Archive for the ‘Nathan Clark’ Category

Eleazer Orcutt

January 2, 2011

If I could travel back in time to speak with any 19th century American potter, Eleazer Orcutt would make the short list.  He wouldn’t be alone on that list, but few others were so involved with so many potteries in so many places.

A handful of individuals can be credited with transforming pottery making in certain areas.  Athens, NY potter Nathan Clark almost single handedly trained enough potters to make New York the “Stoneware State.”  Bennington’s Norton family left their mark by setting standards nearly impossible to duplicate.  Moravian Rudolf Christ left a unique body of work that continues to astound.  But stoneware potter Eleazer Orcutt belongs to that small group who played a direct, personal role in pottery development across a vast geographic expanse.

There was a surprising amount of mobility during Eleazer’s lifetime.  Many potters worked in multiple places.  Immigrant English masters like Staffordshire’s Daniel Greatbatch were in great demand from Vermont to South Carolina to Illinois.  Sometimes entire families, like the Crafts’ of Whately MA, would fan out across several states to take advantage of local markets.  Orcutt’s family, also from Whately, followed this path.  They were not only friends and often times business partners with the Crafts,’ but in-laws as well.  Imagine those family reunions!

Family dynasties were common.  The Osborne family of Quaker potters was active throughout New England during the 18th century.  The Bell family seems to have dominated Virginia and Maryland in the 19th century.  Various pottery clans of Georgia and the Carolina’s continue to produce master potters to this day.

Then there were the drifters.  They’d blow into town, fill your shop with pots, earn some cash, buy some whiskey, and be gone.  They seem to have been a particularly common sight in many late 19th – early 20th century southern rural jugtowns – although Christopher Webber Fenton attracted his share of ‘less savory’ folks to the Norton Pottery in Bennington during his tenure there in the mid 1840’s.

Eleazer Orcutt’s resume places him at either the beginning or the height of several major pottery regions in the Northeastern US.  Whately and Ashfield, MA. Portland, ME. All over New York, from Troy to Poughkeepie, Lasingburgh and Albany…  Not as a vagrant potting drifter.  He was instrumental in establishing potteries in many of these places.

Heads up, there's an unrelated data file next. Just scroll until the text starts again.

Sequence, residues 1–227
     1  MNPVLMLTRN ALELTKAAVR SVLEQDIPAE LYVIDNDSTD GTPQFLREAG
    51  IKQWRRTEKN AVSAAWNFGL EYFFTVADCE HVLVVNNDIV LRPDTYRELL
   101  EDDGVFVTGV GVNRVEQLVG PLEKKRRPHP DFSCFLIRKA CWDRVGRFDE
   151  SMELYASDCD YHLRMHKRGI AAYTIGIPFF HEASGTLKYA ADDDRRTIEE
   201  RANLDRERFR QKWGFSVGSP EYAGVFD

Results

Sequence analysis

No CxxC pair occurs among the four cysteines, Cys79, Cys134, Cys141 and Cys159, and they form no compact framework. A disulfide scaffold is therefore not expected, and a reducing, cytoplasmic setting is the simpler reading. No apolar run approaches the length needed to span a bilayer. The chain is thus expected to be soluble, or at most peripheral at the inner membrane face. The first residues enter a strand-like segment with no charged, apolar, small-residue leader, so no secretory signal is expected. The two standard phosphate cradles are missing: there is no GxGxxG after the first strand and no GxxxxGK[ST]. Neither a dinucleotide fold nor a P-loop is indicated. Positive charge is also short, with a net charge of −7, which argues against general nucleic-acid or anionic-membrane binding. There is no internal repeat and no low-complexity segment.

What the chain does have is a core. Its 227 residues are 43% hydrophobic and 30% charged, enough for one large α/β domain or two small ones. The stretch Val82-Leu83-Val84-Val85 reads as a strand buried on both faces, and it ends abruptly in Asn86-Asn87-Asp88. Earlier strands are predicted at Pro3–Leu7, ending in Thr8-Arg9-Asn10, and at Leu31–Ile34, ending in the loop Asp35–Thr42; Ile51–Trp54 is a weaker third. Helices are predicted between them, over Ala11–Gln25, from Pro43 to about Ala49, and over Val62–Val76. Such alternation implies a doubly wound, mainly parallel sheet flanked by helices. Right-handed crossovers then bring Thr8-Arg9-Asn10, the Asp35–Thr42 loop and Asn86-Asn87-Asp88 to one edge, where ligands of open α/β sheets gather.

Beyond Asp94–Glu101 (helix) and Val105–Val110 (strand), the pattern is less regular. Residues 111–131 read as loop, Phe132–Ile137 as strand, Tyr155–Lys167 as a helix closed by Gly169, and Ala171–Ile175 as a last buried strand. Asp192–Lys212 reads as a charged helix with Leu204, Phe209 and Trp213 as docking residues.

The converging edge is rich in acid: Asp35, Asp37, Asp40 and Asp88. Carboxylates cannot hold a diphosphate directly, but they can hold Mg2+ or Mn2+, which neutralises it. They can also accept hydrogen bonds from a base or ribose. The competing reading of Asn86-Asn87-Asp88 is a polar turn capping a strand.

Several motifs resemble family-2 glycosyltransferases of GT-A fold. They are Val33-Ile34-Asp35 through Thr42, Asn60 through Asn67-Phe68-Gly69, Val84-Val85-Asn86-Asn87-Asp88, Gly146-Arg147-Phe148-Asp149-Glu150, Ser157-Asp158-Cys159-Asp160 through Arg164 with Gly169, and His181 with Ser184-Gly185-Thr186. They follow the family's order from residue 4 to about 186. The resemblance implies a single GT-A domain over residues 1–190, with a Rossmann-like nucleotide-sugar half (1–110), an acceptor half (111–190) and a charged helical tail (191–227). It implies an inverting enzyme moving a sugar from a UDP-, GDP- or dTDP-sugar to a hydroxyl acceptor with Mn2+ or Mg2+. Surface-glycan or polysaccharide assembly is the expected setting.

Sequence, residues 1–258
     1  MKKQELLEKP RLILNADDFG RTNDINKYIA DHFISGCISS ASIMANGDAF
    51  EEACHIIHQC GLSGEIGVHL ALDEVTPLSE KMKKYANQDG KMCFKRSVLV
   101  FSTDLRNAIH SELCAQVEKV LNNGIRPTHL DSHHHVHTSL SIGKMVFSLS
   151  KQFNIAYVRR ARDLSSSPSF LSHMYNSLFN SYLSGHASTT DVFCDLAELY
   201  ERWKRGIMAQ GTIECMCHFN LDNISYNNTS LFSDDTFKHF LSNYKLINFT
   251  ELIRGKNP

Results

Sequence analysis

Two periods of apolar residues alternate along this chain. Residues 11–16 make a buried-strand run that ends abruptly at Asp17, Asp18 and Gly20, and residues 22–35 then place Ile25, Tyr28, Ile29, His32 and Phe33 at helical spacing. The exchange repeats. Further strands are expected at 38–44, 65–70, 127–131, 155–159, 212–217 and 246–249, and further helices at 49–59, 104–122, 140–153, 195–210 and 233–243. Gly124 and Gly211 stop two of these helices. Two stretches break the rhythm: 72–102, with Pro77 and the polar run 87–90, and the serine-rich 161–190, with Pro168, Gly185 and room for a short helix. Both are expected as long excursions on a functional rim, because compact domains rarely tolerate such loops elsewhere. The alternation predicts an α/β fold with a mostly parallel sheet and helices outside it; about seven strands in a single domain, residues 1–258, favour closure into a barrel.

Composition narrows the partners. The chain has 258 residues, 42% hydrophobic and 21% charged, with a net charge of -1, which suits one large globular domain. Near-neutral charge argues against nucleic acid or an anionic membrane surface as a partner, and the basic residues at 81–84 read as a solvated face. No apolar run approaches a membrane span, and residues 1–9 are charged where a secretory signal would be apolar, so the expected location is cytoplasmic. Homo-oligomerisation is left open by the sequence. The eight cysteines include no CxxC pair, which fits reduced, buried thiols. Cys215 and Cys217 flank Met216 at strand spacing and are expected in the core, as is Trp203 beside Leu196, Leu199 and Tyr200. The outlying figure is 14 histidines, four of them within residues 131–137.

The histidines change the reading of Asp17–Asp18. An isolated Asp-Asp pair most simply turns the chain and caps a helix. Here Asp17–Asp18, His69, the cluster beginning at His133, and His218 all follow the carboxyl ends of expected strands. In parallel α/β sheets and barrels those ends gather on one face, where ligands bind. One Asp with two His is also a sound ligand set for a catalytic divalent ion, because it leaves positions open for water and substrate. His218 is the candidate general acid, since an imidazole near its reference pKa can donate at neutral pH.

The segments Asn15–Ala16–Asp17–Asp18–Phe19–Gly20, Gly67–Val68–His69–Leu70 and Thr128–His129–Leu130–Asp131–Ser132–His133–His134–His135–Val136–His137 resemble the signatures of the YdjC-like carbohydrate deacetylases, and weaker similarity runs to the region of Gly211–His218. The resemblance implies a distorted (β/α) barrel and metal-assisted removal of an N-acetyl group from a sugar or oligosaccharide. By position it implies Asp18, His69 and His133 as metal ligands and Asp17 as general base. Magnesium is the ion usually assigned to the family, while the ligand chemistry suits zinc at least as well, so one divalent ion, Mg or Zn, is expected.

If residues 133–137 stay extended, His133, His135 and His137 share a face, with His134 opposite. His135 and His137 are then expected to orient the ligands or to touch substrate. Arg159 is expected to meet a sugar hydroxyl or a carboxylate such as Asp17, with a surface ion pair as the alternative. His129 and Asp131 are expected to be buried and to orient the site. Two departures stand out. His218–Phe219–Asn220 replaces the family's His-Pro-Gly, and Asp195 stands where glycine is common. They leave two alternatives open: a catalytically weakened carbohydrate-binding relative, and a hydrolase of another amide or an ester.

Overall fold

The wealth of experience Eleazer Orcutt carried with him must have been amazing.  But he is gone now.  And we’re left with just the internet.

Readings:
American Potters and Pottery. John Ramsey.  1939.  Colonial Press/Clinton, MA.

American Stoneware.  William Ketchum.  1991.  Holt & Co./New York.

Early Potters and Potteries of New York State. William Ketchum.  Funk & Wagnalls/New York.  1970.

The Pottery and Porcelain of the United States.  Edwin Atlee Barber.  G.P. Putnam’s Sons/New York.  1909.

Early New England Potters and Their Wares. Lura Woodside Watkins.  Harvard Univ Press/Cambridge MA.  1968.

A Guide to Whately Pottery and the Potters. Henry Baldwin.  Paradise Copies/Northampton, MA.  1999.

The Early Potters and Potteries of Maine. M. Lelyn Branin.  Wesleyan University Press/Middletown Ct.  1978.

The Art of the Potter. Diana and J. Garrison Stradling.  Main Street-Universe Books/New York.  1977.

American Redware. William Ketchum.  Holt & Co./NY.  1991.

The Secret to Success

January 17, 2010

Rarely did anyone bother to write about pottery making during America’s early days.  One who did was Nathan Clark, working from 1839 to 1851 in Rochester, NY.  He wrote “Rules for Making & Burning Stone Ware.

1st.  Let the wheelman be careful to have every piece run exactly true on the wheel.  Make them of a kind precisely of the same height & width.  Have the ware turned light, of a handsome shape, smooth inside & outside, the bottom a suitable thickness, and a good top.

2nd.  Let it be handsomely & smoothly polished in proper season.

3rd.  Let the ware when dry be carefully set in the loft washed and blued.

4th.  Let the plats be well made, Kiln cleaned out and mended in complete order for setting.

5th.  Care must be taken to set the courses plum and one piece exactly over the other.

6th.  Have your wood in good order, raise your fire progressively, neither too fast nor too slow.  Examine well & understand the management of your Kiln so as to heat all parts alike.  Be careful not to throw your wood in the arches too soon or do any other act that may have a tendency to retard the heat.  When fit to glaze have your salt dry.  Scatter it well in every part of your Kiln (during this act you must keep a full and clear blaze so as to accelerate the glazing and give the ware a bright gloss).  Stop it perfectly tight and in six days you may draw a good kiln of ware.

Reading:
The Art of the Potter. Diana and J. Garrison Stradling.  Main Street-Universe Books/New York.  1977.


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